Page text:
Two local nurses say their nights and weekends have been consumed for the
past two years as they have worked to accomplish a long-anticipated goal.
Michel Carden, RN, and Bertha Higbee, RN, graduated in December 2016 with
Bachelor of Science in Nursing degrees—while working full time at
Humboldt General Hospital.
“For me, it was actually a huge accomplishment,” said Higbee,
who is the only one of her siblings to graduate from college. “My
parents are super proud.”
Carden said graduation for her was also important in terms of setting an
example for the next generation. “It’s good to show your kids
you can do it.”
The two registered nurses had already achieved their ADN, or Associate
of Science in Nursing degrees, but said support from nursing leadership
as well as tuition reimbursement from the hospital made it possible to
take that next step.
HGH Chief Nursing Officer Darlene Bryan said across the country, hospitals
are seeking a higher level of education from their nurses; Humboldt General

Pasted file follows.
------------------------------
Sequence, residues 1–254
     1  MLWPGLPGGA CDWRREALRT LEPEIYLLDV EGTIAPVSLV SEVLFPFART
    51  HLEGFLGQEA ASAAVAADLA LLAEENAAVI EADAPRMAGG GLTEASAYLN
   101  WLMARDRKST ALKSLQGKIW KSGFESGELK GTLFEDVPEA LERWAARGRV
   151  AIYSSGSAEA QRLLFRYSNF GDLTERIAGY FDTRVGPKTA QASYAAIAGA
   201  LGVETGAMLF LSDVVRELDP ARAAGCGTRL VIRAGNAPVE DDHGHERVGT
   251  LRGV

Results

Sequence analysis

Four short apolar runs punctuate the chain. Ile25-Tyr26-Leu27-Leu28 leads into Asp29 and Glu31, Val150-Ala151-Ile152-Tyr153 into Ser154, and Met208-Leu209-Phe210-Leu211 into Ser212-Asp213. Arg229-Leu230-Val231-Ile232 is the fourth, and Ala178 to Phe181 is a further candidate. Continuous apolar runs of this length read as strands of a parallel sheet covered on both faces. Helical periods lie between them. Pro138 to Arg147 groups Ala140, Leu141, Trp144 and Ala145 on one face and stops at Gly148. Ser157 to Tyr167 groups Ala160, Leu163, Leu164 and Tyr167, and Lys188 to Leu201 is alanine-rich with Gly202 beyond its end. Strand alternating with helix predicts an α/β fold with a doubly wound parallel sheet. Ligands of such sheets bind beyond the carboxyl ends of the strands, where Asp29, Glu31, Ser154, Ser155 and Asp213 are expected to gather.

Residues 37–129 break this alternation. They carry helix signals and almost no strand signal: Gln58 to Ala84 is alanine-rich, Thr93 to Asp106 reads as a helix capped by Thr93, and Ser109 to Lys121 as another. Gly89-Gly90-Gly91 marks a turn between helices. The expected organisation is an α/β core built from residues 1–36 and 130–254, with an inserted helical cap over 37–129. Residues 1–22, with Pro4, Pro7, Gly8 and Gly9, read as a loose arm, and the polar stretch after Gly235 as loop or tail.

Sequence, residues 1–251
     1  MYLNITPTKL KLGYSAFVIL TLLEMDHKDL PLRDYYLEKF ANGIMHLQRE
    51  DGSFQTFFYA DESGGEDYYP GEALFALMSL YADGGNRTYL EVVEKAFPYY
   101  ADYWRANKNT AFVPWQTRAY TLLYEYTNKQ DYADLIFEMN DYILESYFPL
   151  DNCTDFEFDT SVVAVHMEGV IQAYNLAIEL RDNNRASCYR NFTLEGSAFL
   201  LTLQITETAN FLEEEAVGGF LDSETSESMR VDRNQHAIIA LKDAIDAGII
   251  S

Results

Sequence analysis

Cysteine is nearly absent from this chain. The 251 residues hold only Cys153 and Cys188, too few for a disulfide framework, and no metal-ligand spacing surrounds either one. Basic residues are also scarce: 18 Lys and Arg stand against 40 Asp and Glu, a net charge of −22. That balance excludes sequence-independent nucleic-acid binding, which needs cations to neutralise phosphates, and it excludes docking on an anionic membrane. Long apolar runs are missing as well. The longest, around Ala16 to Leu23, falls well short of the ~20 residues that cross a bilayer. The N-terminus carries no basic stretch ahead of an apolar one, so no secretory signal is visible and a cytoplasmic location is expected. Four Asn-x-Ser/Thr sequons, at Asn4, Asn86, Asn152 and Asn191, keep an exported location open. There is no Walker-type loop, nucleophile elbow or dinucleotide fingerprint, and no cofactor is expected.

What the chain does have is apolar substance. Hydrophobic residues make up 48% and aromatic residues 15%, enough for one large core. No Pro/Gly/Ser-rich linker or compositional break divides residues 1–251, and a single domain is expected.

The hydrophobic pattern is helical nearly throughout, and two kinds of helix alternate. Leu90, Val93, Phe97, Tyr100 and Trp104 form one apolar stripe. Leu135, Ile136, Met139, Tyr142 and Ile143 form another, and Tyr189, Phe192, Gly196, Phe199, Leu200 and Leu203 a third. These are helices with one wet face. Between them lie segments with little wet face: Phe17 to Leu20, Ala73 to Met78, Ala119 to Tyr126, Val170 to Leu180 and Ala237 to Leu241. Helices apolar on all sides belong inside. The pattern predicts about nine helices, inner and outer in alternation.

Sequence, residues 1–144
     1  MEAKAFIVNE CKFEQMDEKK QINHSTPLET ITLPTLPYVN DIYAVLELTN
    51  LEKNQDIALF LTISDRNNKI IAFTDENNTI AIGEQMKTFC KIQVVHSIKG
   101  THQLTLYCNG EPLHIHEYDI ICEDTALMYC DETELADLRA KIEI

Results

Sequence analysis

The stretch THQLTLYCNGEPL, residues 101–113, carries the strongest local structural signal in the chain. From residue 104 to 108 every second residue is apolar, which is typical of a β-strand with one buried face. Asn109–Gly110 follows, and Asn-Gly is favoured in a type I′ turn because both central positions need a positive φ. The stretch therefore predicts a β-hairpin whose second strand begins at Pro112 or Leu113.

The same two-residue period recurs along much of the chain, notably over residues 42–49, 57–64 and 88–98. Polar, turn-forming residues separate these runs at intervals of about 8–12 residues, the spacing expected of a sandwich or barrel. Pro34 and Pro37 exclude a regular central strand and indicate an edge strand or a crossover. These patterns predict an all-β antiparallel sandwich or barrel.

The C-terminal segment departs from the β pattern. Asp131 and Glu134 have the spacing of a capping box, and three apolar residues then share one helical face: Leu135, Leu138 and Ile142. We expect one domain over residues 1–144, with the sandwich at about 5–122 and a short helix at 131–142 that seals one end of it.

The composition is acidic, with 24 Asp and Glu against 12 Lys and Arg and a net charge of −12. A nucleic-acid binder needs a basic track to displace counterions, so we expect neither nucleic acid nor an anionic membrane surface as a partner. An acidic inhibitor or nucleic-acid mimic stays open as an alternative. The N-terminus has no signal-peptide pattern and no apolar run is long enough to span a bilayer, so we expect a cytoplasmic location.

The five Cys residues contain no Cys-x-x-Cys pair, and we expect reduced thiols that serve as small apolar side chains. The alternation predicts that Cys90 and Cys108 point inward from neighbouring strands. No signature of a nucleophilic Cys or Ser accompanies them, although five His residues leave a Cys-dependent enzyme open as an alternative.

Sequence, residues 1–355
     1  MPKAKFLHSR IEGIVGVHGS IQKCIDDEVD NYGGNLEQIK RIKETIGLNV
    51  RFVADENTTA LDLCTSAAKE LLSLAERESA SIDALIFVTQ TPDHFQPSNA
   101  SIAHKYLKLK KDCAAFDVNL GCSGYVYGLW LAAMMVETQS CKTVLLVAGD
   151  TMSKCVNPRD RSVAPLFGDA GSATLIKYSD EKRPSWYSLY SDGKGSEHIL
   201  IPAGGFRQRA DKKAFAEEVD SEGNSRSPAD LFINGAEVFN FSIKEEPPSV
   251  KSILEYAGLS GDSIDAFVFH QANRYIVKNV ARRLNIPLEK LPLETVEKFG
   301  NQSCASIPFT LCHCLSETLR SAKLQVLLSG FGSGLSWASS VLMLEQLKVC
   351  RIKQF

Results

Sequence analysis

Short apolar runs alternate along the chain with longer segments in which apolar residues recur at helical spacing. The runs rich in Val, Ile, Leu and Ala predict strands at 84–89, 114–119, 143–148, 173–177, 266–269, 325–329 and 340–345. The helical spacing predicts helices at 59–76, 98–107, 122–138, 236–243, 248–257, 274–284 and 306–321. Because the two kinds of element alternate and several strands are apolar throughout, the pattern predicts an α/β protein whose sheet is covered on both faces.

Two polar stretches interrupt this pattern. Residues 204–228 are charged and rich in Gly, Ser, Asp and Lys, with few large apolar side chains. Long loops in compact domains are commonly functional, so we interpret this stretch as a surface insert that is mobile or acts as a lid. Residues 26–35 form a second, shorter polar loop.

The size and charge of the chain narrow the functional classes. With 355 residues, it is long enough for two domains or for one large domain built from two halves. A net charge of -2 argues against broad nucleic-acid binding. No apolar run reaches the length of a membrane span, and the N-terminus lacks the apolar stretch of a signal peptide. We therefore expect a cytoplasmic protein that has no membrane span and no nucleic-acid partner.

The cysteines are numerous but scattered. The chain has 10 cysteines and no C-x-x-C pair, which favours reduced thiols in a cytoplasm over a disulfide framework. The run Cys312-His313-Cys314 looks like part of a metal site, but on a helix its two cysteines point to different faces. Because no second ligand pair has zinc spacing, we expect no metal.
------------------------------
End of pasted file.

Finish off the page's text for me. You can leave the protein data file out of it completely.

is encouraging that as well.
Bryan said hospital staffs with a higher proportion of BSN- or MSN-prepared
nurses demonstrate increased productivity and better patient outcomes.
“A nurse with a BSN may do the same things as an RN,” said
Bryan, “but their opportunity to influence patients, other nurses
and the profession as a whole is greater.”
Carden, who currently serves as the MDS Coordinator for the Harmony Manor
Skilled Nursing and Residential Care Community, said her time as a registered
nurse definitely prepared her to be a better student. “I think my
experience as a nurse really helped me in class,” she said. “It
was the difference between learning and life experience.”
Higbee, HGH’s Inpatient Manager, said she was also struck by how
much her recent experience helped her realize the potential of her position.
“This has opened up my mind and shown me the importance of my role,” she said.
Both women agree that being able to put “BSN” behind their
names is another reward—but only because of what it means in terms
of patient care.
“You help your patients by learning,” said Higbee. Carden agreed.
“I like that feeling, where you can apply what you’ve learned
to what you’re doing.”
With the two new graduates, Bryan said there are more than 20 BSN graduates
among approximately 60 registered nurses at HGH. By 2018, she said 60
percent of nurses will be four-year graduates.
“We realize it is a big commitment in terms of time and effort,”
said Bryan, “but it’s what we want for local patient care.
We want our nurses to take their skills and knowledge base to that next